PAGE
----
I was shooting photos of a vintage airplane at AirVenture when a man came up to me and asked if I was the owner of the RV-12 in homebuilt parking. “What makes you ask if it is mine?” I asked, thinking it was one of the stranger questions I have been asked at AirVenture. “Because it matches your shirt,” he explained, gesturing to my General Aviation News-issued pink shirt. “It’s really pink.”
I smiled. We at General Aviation News do not refer to our shirts as pink. We call them PINK as in “should the REILs go Tango Uniform we can stand at the end of the runway in pitch blackness and pilots will STILL be able to determine where the pavement ends PINK.”
An RV-12 painted “really pink” piqued my curiosity, so I headed over to Homebuilts. Oh boy.
“Really pink” doesn’t begin to describe the RV-12 owned by Judy Betz from Weisdale, Florida. The airplane is an iridescent pearl pink with mauve, lavender, and purple flowers on it. When you circle the airplane, the flowers appear to undulate, as if blown by a soft breeze. A purple monogrammed canopy cover protected the cockpit. On the side of the airplane is the name Bella Rosa, or Beautiful Rose, if I remember my high school Spanish correctly.
“It’s a pretty plane!” said one little girl who looked to be about 5 or 6. She was holding her father’s hand, pulling him through the lines of aircraft, pointing out the ones she wanted to fly.
That’s exactly the kind of reaction Betz wants her airplane to elicit.
Betz, who earned her private ticket about 30 years ago, said she was initially discouraged from learning to fly.
“I was dating a guy who was a pilot and we flew all the time,” she recalled. “I asked him, ‘don’t you think that maybe I should learn to land just in case?’ and he said ‘oh no, no, no.’”
One day their travels took them to an airport where free Discovery Flights were being offered. “While he was off doing something else I was asked if I wanted to do an introductory flight. At first I said no, because I flew with someone else all the time, but it was free so I went and, of course, that was the end of that,” she said.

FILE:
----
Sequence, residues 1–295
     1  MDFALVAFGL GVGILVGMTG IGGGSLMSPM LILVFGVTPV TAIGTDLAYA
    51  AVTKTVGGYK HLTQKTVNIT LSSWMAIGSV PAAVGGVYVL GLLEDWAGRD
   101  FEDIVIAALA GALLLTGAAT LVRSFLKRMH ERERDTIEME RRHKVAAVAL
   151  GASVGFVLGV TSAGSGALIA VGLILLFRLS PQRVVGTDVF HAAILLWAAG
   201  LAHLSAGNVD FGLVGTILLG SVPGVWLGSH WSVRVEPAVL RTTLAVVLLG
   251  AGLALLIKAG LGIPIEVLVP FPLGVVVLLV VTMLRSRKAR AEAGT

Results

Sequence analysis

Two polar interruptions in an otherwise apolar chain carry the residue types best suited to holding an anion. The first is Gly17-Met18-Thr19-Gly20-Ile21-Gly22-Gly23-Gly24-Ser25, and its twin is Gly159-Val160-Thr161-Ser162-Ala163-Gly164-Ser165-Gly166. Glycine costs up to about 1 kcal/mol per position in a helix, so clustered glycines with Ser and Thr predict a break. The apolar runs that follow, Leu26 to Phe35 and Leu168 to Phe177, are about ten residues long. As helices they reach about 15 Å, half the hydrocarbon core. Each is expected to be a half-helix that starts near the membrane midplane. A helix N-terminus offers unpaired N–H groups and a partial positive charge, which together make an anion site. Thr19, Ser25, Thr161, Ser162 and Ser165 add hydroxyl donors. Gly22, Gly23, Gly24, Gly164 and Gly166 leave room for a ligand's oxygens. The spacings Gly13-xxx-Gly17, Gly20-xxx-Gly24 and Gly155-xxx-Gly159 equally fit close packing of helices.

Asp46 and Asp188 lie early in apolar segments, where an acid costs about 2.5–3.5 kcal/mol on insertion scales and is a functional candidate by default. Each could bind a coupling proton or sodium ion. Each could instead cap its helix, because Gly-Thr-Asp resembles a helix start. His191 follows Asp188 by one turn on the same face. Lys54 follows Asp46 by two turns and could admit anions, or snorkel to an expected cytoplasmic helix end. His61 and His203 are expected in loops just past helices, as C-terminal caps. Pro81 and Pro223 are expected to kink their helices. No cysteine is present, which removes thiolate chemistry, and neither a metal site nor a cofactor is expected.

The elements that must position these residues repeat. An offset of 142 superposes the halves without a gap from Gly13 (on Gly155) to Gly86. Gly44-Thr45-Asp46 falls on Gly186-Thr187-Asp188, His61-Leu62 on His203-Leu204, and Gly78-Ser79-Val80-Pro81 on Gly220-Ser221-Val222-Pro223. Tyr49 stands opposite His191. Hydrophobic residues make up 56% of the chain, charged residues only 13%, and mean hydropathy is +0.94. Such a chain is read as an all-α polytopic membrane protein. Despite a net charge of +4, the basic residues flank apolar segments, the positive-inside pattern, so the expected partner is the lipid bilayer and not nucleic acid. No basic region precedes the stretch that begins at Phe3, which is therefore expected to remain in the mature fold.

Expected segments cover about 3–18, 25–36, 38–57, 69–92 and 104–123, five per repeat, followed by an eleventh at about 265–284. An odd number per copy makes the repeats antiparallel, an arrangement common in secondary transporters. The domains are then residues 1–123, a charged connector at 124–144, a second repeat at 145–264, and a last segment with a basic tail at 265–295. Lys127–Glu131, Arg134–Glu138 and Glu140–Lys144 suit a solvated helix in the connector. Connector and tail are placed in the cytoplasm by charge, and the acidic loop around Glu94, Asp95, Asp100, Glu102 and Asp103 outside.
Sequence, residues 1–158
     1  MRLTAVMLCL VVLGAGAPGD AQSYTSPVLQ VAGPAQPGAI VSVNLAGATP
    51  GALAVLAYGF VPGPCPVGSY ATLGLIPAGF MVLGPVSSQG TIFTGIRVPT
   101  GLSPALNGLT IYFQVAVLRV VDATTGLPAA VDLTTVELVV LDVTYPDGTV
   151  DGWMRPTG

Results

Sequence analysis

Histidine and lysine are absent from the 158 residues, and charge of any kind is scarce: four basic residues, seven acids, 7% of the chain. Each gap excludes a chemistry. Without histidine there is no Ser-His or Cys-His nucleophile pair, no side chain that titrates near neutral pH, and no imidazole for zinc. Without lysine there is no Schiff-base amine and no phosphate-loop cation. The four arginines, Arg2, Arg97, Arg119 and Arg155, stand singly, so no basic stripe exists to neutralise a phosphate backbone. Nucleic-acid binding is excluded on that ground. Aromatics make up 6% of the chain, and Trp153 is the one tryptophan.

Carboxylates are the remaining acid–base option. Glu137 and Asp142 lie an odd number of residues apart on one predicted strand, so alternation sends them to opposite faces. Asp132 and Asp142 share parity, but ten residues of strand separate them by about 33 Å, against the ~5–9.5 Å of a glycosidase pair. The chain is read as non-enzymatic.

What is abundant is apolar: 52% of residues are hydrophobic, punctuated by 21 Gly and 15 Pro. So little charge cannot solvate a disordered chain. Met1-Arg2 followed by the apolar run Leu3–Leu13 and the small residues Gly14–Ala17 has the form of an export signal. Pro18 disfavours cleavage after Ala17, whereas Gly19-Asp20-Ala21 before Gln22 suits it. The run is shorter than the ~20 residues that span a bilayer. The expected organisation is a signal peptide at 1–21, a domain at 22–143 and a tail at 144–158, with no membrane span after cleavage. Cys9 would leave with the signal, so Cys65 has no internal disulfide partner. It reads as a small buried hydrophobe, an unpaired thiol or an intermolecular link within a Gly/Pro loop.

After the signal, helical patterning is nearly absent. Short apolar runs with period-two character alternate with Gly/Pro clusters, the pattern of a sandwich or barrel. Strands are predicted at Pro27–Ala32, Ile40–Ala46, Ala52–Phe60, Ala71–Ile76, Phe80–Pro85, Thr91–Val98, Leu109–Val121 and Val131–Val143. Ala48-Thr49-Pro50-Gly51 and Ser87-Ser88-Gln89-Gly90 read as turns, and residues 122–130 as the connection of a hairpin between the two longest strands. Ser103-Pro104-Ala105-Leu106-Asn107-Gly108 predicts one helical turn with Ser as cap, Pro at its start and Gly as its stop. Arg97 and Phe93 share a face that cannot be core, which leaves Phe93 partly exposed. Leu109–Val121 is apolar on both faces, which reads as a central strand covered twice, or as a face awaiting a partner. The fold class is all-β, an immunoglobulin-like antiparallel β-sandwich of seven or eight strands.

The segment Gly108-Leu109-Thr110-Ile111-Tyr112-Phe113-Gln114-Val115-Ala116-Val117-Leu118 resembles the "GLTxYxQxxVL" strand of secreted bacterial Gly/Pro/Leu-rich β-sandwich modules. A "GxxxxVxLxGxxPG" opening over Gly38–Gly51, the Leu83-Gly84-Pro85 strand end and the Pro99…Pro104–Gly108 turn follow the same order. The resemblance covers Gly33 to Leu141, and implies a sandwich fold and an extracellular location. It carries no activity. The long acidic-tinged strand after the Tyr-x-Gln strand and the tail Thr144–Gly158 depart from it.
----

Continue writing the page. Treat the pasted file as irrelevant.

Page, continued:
When she and her boyfriend were flying home, she said to him, “Let me show you what I did today,” and she grabbed the control stick.
“He said ‘don’t do that,’ and I said, ‘I think I am going to get flight lessons.’ He said ‘you’re not the type, don’t waste your time and money,’ so I folded my arms on my chest and as soon as I was on the ground I got on the phone and got the lessons.”
Shortly after that the boyfriend was gone, Betz was a licensed pilot who had her own airplane and was living at an airpark in Maryland.
“Today I have almost 4,000 hours,” she said proudly. “I have had wonderful, wonderful airplanes, all tailwheel except for the RV-12 and a Bonanza.”
“I had a Luscombe that was all pink and had eyes painted on her, named ‘Miss Piggy.’ I gave a gazillion Young Eagles rides in that airplane because it was the right airplane for that.”
She started looking into the RV-12, Van’s entry into the Light-Sport Aircraft realm, because she had heard so much about them and knew she wouldn’t have to go through the time and expense of obtaining a medical certificate if she ever decided to fly as a Sport Pilot.
The challenge was finding an RV-12 to test fly, she said. “I knew a lot of guys who were building them. I asked ‘how do they fly?’ and they’d say ‘I don’t know, I’m just building one.’”
Eventually, Betz found a completed RV-12 for sale and made contact with the owner, who had finished it in December 2010.